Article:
In 1988 I became a member of the licensed driver fraternity, and this opened up a whole new level of possibilities for me. The concept of actually, physically chasing a storm on my own had never occurred to me, but the fact I was out there driving lent itself to some accidental intercepts. Of note was a severe storm a friend and I encountered near Lone Grove, OK late one night after returning from a double date. We got into hail up to quarter size, and he asked me if there was going be a tornado. I told him that 50% of the time when you have big hail there could be a tornado behind it (that's what I believed in 1988). Nothing ever came of it however. In April of 1990 I shot what would be the very first storm footage of my life, a golfball size hailstorm that seemingly came out of nowhere. There was no rain, just hail. I remember watching the stones pounding off the grass in my front yard, as I stood on my porch taping with a gigantic RCA VHS camcorder. I have no idea what ever became of the tape itself. That was as kind as the early 90s would be to me, regarding severe weather.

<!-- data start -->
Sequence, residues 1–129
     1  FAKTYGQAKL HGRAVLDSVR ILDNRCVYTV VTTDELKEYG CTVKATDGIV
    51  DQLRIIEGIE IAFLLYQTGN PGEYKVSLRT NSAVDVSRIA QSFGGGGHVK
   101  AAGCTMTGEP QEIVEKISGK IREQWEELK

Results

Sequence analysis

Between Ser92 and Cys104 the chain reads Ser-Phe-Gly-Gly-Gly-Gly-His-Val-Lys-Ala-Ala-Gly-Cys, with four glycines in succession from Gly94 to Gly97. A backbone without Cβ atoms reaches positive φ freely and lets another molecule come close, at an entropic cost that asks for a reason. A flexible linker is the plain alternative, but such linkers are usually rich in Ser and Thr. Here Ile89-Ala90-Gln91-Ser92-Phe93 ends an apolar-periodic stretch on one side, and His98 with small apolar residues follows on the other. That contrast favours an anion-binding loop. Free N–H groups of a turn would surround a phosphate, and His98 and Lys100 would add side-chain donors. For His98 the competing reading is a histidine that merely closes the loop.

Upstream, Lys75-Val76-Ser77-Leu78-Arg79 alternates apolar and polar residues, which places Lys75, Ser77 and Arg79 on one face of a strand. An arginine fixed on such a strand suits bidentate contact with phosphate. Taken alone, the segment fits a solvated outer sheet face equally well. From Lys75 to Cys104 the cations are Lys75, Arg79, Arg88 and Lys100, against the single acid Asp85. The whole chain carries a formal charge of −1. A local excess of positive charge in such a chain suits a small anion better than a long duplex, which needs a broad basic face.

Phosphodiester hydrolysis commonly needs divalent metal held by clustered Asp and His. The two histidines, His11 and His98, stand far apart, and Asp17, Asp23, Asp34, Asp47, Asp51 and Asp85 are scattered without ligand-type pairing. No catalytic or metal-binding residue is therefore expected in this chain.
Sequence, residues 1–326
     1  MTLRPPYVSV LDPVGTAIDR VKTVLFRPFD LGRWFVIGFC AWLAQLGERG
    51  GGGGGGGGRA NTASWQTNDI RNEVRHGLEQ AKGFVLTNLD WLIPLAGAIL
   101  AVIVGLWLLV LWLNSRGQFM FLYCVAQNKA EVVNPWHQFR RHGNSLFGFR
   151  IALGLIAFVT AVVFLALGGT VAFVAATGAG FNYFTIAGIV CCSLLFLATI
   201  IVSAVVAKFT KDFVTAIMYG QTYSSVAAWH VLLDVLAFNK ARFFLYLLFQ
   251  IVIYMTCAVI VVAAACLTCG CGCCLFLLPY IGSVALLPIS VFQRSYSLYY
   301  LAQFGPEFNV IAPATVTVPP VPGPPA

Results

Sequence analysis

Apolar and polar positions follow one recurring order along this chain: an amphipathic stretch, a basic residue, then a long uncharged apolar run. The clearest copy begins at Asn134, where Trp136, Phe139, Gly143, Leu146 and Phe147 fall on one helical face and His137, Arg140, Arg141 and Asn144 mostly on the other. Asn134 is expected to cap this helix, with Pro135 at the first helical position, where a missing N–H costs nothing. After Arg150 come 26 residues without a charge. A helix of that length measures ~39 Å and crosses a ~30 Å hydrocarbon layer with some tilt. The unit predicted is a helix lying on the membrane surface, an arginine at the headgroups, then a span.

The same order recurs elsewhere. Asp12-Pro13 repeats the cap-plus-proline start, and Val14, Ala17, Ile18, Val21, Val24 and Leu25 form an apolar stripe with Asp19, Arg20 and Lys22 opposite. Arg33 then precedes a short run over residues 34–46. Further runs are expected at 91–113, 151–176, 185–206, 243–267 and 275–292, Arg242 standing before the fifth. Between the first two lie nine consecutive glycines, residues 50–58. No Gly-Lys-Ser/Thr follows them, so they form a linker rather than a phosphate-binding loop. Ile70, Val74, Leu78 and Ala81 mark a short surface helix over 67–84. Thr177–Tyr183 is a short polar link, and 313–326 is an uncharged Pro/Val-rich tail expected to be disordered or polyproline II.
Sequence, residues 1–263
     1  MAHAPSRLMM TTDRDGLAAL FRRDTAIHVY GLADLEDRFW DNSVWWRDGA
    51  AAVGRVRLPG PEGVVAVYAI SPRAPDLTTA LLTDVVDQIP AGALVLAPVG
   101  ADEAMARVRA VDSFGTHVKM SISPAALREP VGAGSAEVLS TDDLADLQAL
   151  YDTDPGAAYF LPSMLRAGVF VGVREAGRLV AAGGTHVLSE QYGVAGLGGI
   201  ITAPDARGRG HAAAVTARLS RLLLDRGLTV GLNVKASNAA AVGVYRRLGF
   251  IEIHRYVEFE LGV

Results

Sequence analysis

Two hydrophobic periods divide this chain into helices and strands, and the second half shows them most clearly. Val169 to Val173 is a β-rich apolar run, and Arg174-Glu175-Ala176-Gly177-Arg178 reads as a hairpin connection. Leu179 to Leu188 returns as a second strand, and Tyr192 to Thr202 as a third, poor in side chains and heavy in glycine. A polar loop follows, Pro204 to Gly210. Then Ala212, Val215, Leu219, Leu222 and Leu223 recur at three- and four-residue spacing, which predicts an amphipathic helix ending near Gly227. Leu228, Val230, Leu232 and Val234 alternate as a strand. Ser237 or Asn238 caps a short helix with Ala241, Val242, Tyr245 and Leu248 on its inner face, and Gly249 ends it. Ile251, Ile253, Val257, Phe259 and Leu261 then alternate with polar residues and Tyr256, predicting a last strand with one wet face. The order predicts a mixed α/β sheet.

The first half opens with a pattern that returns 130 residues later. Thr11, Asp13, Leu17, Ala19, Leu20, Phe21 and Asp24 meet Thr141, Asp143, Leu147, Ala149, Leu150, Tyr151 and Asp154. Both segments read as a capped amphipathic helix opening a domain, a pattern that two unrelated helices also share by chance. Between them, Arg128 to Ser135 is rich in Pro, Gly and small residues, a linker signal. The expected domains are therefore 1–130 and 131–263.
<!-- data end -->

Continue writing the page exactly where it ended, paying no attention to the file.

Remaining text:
In 1991, the first of a series of three significant events in my life occurred. On March 21, 1991, the city of Ada, OK was struck by a large F3 tornado. It damaged parts of East Central University, the local college. Two weeks prior, a friend and I had planned a trip to ECU, to visit a friend from high school. The night before we were to leave, the trip was canceled. The day we were supposed to be at ECU? March 21. I was livid.
Then came May 8, 1993. After spending seventeen years living in Healdton, OK waiting for a tornado, I moved to Durant, OK to take a job. The weekend I moved, a tornado struck just northwest of Healdton, doing damage to houses. I was in Durant, watching the live coverage of the storm as it was coming out of Texas (over an hour before it was near Healdton), but had plans that night. Also, I replayed in my mind all the times I'd seen near-misses close to Healdton that did nothing except disappoint me. So I decided I wasn't going to ruin my night over a wild goose chase to Healdton for nothing. Then the reports started pouring in; I had balked at my chance to drive west and meet the storm, and had paid dearly for it, having missed multiple tornadoes. I was devastated, and swore I would no longer care about tornadoes or ever seeing one. That lasted about 3 days.